The SWIFT ban itself is not so devastating; it’s just a messaging system. Banks can find other ways to send messages, for example via secure emails, but this will be very cumbersome and inefficient. It is the combination of SWIFT and the banning of the Russian central bank and its banking system that cripples them. They can’t get payments; they cannot access their dollar holdings. As a result, they will not be able to participate in the global payments network. Certainly, there are exceptions to this sanction, in particular for payments related to the oil and gas trades.

How will the sanctions affect the global economy?

The one thing we can say for sure about this crisis is that there is a lot of uncertainty going forward and financial markets hate uncertainty. All of this adds to an already high level of uncertainty and anxiety caused by the COVID-19 pandemic. This means there is going to be an increase in risk premia across all asset classes, from equities to risky bonds. Simply put, there is a real fear that the cost of capital for businesses will rise and that we are entering a world where investors are very risk averse.

At the same time, the sanctions are likely to be highly inflationary in nature. Even though the existing sanctions do not focus explicitly on Russia’s energy sector, oil prices have already soared in anticipation of future disruptions. Higher energy prices mean higher inflation. Once again, the moment is very badly chosen because we are already experiencing a very high level of inflation, thanks to the accommodative monetary policy of the last decade. This makes the job of central bankers around the world very difficult.

The worst possible scenario is one of high inflation and weaker economic growth, or stagflation. We are not there yet and I hope we will not get there. But policymakers around the world are thinking about this issue and doing their best to avoid it coming to this.

How will financial sanctions affect ordinary Russian citizens?

They may be the most affected. First, their banking system basically collapsed. You already see long queues of withdrawals in front of Russian banks. While the Russian government will continue to support these banks in the short term, the lack of a robust banking sector is going to be very painful for the average citizen. Moreover, the ruble was an immediate victim of the sanctions. The collapse of the ruble makes imports very expensive, increasing the cost of several items that the average Russian citizen consumes.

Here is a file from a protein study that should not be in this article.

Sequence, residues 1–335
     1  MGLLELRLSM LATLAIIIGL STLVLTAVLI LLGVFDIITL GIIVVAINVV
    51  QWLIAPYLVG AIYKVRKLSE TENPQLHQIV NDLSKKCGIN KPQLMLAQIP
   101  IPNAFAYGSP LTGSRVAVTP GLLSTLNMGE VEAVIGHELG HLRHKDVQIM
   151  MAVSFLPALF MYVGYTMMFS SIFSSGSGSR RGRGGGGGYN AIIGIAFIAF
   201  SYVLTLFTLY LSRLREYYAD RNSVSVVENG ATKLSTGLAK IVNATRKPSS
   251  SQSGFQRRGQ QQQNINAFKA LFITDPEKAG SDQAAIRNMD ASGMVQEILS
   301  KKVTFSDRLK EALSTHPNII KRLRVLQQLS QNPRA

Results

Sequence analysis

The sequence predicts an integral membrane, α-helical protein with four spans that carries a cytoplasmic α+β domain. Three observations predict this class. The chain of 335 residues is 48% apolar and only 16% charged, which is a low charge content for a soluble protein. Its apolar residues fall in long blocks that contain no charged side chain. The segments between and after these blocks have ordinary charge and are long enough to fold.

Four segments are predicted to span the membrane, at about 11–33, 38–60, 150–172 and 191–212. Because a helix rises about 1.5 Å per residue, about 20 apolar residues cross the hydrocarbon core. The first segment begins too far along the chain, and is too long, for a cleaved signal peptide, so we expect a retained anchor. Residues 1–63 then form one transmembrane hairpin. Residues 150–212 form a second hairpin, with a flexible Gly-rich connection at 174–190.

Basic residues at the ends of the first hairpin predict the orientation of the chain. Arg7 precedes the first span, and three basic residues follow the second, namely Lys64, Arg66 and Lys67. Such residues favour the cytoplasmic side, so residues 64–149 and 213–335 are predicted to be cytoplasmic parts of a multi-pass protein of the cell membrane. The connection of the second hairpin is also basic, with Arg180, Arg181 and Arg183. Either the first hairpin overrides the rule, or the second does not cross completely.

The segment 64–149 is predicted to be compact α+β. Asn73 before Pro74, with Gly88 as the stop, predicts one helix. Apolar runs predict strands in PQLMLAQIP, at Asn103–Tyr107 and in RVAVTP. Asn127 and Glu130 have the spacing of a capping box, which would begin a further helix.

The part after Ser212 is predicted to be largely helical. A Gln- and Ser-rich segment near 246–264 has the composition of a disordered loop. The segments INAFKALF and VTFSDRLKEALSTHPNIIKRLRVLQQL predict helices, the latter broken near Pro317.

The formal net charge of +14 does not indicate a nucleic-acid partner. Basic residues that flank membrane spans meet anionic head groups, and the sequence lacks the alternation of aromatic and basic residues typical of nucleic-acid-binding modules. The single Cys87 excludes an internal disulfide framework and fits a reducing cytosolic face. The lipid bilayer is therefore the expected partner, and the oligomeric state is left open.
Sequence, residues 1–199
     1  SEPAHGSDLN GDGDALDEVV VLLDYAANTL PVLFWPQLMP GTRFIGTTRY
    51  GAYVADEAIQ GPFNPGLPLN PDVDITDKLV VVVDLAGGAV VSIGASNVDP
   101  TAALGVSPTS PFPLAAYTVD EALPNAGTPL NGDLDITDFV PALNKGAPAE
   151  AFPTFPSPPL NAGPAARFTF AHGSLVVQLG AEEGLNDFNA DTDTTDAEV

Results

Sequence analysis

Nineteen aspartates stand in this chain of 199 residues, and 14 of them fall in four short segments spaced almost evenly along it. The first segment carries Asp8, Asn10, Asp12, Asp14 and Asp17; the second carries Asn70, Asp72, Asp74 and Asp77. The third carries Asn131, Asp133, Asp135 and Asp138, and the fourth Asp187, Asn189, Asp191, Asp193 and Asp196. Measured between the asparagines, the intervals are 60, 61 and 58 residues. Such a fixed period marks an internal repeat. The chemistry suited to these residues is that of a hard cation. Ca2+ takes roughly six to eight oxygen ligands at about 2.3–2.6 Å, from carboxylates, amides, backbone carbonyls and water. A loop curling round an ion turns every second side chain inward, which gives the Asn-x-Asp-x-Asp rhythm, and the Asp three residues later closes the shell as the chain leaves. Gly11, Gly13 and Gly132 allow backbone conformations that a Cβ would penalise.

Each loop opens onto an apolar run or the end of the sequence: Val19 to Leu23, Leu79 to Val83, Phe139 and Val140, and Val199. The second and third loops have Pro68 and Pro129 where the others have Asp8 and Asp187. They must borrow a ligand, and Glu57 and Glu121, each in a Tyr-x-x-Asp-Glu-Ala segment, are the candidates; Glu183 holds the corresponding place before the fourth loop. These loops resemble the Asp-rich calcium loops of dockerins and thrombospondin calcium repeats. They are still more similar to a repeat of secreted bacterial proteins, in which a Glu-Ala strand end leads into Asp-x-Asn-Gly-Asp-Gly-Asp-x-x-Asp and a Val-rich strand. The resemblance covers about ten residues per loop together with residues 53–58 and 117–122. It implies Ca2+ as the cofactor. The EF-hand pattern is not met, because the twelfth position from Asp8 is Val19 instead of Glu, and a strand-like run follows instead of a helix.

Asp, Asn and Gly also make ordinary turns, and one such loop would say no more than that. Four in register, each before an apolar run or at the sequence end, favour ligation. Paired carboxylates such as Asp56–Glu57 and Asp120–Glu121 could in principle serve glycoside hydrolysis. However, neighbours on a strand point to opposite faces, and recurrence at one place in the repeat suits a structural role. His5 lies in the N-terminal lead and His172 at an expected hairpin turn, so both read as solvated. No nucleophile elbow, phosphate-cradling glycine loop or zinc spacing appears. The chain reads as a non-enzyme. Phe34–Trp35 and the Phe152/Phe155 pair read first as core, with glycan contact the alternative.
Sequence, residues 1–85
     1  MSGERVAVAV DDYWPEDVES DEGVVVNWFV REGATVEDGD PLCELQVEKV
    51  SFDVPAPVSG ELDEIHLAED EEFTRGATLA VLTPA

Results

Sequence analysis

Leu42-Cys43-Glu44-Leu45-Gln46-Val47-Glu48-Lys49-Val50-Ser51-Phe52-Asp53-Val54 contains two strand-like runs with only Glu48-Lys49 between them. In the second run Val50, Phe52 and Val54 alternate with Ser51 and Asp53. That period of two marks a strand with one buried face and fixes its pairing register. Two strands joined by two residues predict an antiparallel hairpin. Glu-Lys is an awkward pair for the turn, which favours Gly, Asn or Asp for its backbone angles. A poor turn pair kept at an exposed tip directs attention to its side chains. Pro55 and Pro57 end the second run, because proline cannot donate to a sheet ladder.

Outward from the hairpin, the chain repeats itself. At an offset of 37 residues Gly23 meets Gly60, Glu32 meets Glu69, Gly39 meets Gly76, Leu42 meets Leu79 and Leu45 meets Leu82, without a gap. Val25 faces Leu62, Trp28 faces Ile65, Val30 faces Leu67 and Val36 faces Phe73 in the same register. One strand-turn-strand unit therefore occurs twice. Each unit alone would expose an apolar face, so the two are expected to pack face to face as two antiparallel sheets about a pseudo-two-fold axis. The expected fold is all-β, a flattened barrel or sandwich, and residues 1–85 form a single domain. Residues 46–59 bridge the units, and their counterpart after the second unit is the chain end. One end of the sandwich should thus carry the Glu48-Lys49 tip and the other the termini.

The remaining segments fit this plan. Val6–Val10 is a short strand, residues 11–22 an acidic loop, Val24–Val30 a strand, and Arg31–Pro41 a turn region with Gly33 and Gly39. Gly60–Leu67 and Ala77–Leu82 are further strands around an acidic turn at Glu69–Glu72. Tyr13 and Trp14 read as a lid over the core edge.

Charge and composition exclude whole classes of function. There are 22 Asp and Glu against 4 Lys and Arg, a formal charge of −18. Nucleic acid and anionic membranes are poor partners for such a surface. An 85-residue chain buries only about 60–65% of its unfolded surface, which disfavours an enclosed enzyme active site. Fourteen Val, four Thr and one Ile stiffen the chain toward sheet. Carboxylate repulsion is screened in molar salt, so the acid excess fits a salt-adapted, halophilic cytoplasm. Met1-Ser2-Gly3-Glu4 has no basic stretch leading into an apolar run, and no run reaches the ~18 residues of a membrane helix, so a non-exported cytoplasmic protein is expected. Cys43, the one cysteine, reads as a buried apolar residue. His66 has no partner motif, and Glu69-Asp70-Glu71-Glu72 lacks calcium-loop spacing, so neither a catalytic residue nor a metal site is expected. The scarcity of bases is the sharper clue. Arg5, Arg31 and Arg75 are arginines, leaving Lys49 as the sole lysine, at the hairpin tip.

Inflation is likely to soar. Not only that, but to stabilize the rouble, the Russian central bank raised its interest rate from 9.5% to 20% per year. Although this decision halted the ruble’s free fall, it comes at a cost to the daily life of an average Russian citizen.

Mortgage costs are skyrocketing, consumer loans are getting expensive, credit is drying up. At the same time, Russian companies will suffer from their inability to access financing from around the world. All of this could end up pushing the country into economic recession and loss of jobs.

What else should I know about penalties?

The global financial order is unlikely to be the same again. In the short term, the sanctions will cripple the Russian government’s ability to finance the war. But in the long run, there will be adjustments to the global financial and political order.

Countries around the world will fear such sanctions and it can be an effective tool for future geopolitical disruptions. This can be a good thing to avoid bloody conflicts. However, countries will also diversify their foreign exchange reserve base, perhaps into currencies like the yuan. There are also discussions about who really controls the SWIFT system. After all, this is a cooperative of over 10,000 banks.

Finally, the sanctions also bring to the fore the question of the independence of central banks vis-à-vis governments. What direct influence should the government have on the policies of the Federal Reserve Banks? These are the questions that will arise in the medium and long term once the crisis has passed.

Written by Bob Needham, Ross School of Business